Loading presentation...

Present Remotely

Send the link below via email or IM


Present to your audience

Start remote presentation

  • Invited audience members will follow you as you navigate and present
  • People invited to a presentation do not need a Prezi account
  • This link expires 10 minutes after you close the presentation
  • A maximum of 30 users can follow your presentation
  • Learn more about this feature in our knowledge base article

Do you really want to delete this prezi?

Neither you, nor the coeditors you shared it with will be able to recover it again.


CMIN 301 (Su '17) T05a - Preaching the Meaning in Their Town (Part 2)

The historical/cultural context and the literary context

Hartmut Scherer

on 17 May 2017

Comments (0)

Please log in to add your comment.

Report abuse

Transcript of CMIN 301 (Su '17) T05a - Preaching the Meaning in Their Town (Part 2)

(Adapted from Zondervan Academic Resources for "Grasping God's Word)
The Historical-Cultural Context
Why bother with historical-cultural context?
We must listen to God’s message (or interpret) in a way that honors how God chose to communicate.
Historical-cultural context gives us a
into God’s original meaning as reflected in the text.
We must determine what a text meant in “their town” before we can determine what it means and how we should apply it in “our town.”
Why was he writing?
What is historical-cultural context?
What was happening at the time the book was written?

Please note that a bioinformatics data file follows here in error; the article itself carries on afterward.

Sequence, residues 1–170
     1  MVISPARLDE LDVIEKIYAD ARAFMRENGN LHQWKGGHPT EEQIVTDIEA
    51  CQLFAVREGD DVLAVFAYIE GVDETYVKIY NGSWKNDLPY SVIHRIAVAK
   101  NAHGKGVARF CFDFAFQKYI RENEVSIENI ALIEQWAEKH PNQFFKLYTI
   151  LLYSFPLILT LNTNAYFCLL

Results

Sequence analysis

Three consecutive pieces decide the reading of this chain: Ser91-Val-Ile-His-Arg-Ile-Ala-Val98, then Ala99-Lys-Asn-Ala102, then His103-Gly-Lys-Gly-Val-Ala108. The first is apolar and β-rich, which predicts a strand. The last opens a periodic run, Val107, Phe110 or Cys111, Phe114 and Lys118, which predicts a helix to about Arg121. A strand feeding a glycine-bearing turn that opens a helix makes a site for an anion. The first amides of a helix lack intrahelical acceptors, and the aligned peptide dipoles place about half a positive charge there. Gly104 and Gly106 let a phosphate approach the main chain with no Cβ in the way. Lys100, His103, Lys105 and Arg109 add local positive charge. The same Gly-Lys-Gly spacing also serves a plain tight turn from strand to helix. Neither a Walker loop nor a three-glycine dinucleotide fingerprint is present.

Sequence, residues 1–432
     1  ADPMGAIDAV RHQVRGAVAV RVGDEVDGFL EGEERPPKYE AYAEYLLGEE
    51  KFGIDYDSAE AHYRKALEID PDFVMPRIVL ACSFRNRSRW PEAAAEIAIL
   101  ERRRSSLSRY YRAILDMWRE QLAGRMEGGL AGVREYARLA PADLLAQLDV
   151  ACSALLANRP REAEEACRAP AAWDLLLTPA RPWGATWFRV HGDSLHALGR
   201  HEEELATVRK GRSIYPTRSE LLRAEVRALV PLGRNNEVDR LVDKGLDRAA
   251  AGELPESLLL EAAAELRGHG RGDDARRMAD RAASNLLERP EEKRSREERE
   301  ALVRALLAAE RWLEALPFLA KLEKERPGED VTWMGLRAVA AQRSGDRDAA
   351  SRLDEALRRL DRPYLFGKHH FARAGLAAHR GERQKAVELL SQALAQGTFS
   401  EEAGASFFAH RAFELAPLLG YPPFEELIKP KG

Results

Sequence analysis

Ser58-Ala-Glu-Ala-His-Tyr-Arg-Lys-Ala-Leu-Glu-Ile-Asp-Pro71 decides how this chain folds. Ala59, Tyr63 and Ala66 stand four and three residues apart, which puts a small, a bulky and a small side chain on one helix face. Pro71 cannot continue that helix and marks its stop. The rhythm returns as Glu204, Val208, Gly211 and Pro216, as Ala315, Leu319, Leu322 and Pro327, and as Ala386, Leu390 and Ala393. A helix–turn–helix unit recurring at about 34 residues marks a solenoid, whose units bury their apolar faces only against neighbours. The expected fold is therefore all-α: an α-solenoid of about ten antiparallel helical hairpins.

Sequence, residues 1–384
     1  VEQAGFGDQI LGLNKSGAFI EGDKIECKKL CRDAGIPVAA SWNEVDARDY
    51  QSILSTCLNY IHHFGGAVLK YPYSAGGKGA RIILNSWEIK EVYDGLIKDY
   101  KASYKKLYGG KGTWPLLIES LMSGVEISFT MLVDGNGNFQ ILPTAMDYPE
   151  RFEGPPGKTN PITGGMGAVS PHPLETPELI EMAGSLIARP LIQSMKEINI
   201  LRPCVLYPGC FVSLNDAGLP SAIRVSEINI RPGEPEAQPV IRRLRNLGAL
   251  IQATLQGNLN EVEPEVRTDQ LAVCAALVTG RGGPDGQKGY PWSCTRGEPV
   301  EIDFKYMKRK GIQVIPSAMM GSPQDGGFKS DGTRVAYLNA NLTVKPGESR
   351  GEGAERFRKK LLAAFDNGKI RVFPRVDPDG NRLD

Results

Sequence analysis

Concerning the biblical
, we will ask:
Concerning the biblical
, we will ask:
to focus on:
Studying historical-cultural context . . .
. . . can be tedious.
. . . can make the passage explode with
relevance—sometimes more than
we can take.
. . . is only a tool to help us grasp
God’s Word
The Literary Context
(Adapted from Zondervan Academic Resources for "Grasping God's Word)
Two major kinds of context:
What is literary genre?
We encounter different literary genres in everyday life:
Telephone book
Devotional book
Forms of literature in the Bible:
Old Testament
To understand what the biblical authors are saying (and what God is saying through them), we must “play by the rules” of the genre game they selected.
To grasp God’s Word, we must understand the meaning of the text which involves 5 essential items
Who was the author?
What was his background?
When did he write?
What was the nature of his ministry?
What kind of relationship did he have with his audience?
Who was the biblical audience?
What were their circumstances?
How was their relationship to God?
What kind of relationship did they have with each other?
God did not choose to speak directly to everybody at all times and all cultures.
God chose to speak through the human writers of Scripture to address the real-life needs of people at particular times in a particular culture.
We study the historical-cultural context to see what God was saying to the biblical audience.
This time-bound message contains eternally relevant theological principles that we can discover and apply to our lives.
Once we understand the meaning of the text in its original context, we can apply that meaning to our lives in ways that will be just as relevant.
Guiding principle: For our interpretation of any biblical text to be valid, it must be consistent with the historical-cultural context of that text.